New York City

MOVIE REVIEW: Mad Tiger (2016)

“When you create something, it doesn’t matter if it’s art or music…there is always suffering attached to the creative process.” — Peelander Purple (Akiteru Ito)

mad-tigerMAD TIGER (2015 Film Movement)

Directed by Jonathan Yi and Michael Haertlein

Peelander-Z is a Japanese-born punk band, via New York City, sort of a cross between Gwar and Japanese science fiction.  In their own words, they are a “Japanese Action Comic Punk band hailing from the Z area of Planet Peelander”.  They have been releasing music to a cult following since 1999.  Their hits include “Mad Tiger” and “Ninja High School”.  Music is only 10% of what they do, with elaborate stage shows, stories, monsters and characters to go with it.  Like many Japanese super-teams, they are all completely colour coordinated.  Their founding leader is Kengo Hioki, or Peelander Yellow.  His partly-shaved head is always dyed yellow, and his costumes match.  According to his wife Peelander Pink (keyboards), Kengo first had to learn how to play guitar standing up in order to form a real punk band.

Their music is meant to be fun, to bring happiness.  The music itself is not serious, but Yellow takes his band very seriously.  When original drummer Peelander Blue left the band in 2008, he was replaced by Peelander Green who helped bring the music to a more professional level.  Bassist Peelander Red (Kotaro Tsukada) was the lynchpin, being the member who was the most physical on stage and able to do the stunts that Yellow could not.  A new stunt involved him riding a unicycle in a squid suit and crashing into the stage.  He’d often be the member who was climbing on top of things, and hanging from the ceiling by his legs.  Other gags include human bowling a-la Jackass, and chair fights like WWE wrestling.  Red’s physicality was essential to this.

The atmosphere around Peelander-Z is bubbly and celebratory, but inside, there is tension.  Red has decided to leave the band and open a bar in New York.  A final show for Red is a big deal, an emotional event for the members — each one changed colours to red for this special show.  For Yellow, it means not only losing a close friend, but having to create a new character for a new member to play.  Another friend, Akiteru “Eatman” Ito, is flown in from Japan to play bass.  His musical style is different from Red’s, and different from what Yellow is used to.  He becomes Peelander Purple, a rhino-headed bass behemoth, and they prepare for their first show together.

While this movie is ostensibly about a unique punk band with a 15 year history, it is more so a look at Kengo Hioki, a born entertainer who was facing a crossroads in his life with the departure of Red.  We get to visit his family in Japan, his devoutly Christian father and his siblings.  We get a sense of what friendship and commitment means to Kengo, especially in regards to the tensions between his partners in Peelander Z.  Watching the band seemingly fall apart while he was working hard to build  it back up is poignant. Filmmakers Jonathan Yi and Michael Haertlein chose to leave in raw, emotional footage that Kengo wanted to sum up in animated form.

The songs are silly and fun, but the passion is genuine.  Check out Mad Tiger.

4.5/5 star-z

GUEST SHOT! #439: 10 E 23rd Street

GUEST SHOT by Mike Lukas

GETTING MORE TALE #439: 10 E 23rd Street

I just finished 93 shows in North America with Steve Earle & The Dukes. I’m their Tour Manager. We have four days off before heading to the west coast for a festival, then on to Europe for another month of touring. Being away from home for so long is tough. So when this little break came up, I told the wife, we were going to take a short trip to NYC. We have tickets to a concert and a Broadway show, a few great dinners, shopping, the works. It was something nice to do together before I leave again.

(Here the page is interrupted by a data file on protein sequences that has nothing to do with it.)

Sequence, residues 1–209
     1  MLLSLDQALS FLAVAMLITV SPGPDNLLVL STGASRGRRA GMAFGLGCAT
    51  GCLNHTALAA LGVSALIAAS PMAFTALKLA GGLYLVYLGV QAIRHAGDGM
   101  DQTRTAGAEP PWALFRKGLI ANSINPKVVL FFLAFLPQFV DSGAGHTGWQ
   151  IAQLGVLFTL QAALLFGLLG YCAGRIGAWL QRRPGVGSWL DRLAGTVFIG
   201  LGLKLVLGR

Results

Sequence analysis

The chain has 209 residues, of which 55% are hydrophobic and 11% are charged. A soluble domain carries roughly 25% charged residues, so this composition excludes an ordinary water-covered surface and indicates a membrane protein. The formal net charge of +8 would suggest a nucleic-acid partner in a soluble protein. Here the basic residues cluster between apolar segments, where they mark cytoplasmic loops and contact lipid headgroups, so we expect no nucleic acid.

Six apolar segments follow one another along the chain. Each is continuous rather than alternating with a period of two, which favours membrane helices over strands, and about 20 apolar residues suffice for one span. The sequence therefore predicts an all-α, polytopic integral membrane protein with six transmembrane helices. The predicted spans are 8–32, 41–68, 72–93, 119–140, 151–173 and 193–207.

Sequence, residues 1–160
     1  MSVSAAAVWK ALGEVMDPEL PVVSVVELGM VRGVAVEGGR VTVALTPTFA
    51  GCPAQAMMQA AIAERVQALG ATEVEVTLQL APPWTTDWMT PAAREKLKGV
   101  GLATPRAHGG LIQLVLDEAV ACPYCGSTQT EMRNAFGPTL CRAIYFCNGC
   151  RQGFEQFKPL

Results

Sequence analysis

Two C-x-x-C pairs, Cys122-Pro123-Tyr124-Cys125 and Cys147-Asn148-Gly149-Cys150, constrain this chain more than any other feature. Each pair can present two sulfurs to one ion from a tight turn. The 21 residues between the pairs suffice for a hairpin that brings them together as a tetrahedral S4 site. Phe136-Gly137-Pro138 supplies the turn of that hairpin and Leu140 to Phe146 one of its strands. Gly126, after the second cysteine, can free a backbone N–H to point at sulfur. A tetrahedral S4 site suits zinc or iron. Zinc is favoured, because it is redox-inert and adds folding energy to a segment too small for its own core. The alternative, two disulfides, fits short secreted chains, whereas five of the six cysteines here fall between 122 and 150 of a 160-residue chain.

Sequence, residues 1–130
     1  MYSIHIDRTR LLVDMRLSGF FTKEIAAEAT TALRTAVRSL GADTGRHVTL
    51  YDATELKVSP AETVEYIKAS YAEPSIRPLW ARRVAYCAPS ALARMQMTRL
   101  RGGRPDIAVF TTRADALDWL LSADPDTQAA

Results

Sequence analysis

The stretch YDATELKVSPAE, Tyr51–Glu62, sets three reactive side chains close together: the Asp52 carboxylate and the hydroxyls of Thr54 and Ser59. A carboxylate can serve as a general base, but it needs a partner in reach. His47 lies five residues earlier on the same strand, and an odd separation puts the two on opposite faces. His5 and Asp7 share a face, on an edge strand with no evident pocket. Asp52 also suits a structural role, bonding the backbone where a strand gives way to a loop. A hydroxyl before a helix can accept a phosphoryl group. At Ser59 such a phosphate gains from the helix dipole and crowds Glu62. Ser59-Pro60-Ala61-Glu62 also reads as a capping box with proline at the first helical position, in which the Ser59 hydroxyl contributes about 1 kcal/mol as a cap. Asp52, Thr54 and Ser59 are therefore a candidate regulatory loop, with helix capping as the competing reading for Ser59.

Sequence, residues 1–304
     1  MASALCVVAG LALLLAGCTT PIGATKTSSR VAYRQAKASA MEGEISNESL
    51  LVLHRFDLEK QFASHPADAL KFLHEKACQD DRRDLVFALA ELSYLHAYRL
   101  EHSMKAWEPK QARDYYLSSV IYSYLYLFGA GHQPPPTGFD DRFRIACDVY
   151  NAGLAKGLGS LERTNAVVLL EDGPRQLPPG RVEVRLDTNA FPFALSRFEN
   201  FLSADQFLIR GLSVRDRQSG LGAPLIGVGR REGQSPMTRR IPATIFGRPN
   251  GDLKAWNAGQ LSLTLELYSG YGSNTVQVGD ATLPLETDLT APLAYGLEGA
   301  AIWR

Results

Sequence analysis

We are staying at a small boutique hotel in Gramercy. Today [September 29 2015] we were heading across 23rd street on our way to lunch when I saw the number 10 and for some reason that address just kept ringing in my head. 10 East 23rd Street. Over and over, I said to myself 10 East 23rd Street, 10 East 23rd Street, 10 East 23rd Street. Why do I know that address? Then it clicked! 10 East 23rd Street was the loft where KISS was born! It’s the spot where they auditioned Ace and Peter. It’s the place where they took those early pre-make-up photos. I grabbed my wife’s hand and told her we had to stop here.

I filled her in as to the significance this place played in the mind of a KISS fan. I took a quick photo of the façade of the building and noticed the door to #10 was wide open. I beckoned my wife to follow me in. Just a quick peek, the door is open after all.

We went inside and were greeted by a man with a little Boston terrier holding a ball in his mouth. The dog, not the man. He was holding the small service elevator door for us. “Coming up?” he asked. “Nope just popping in for a quick look.” I replied. His expression changed. “You’re KISS fans.” He said with a smile. “Get in the elevator, but we have to be quiet.” In we went and up we went, petting the little pup as we rose. The nice man who went on to explain that every so often people show up at 10 East 23rd Street to see where KISS was born, showed us the door to their former rehearsal spot. “Come over here” he pointed to the stairway. “See those pipes? That’s where that picture was taken.” I of course walked down and snapped a couple pics.

We looked around some more before descending back down to the street. We said thank you again to the man with the dog and made our way down to The Gramercy Tavern for a nice lunch. At lunch I texted a pic over to LeBrain. Knowing full well he would appreciate the experience as only another fellow KISS fan would. His response is what led to this little story!

Mike Lukas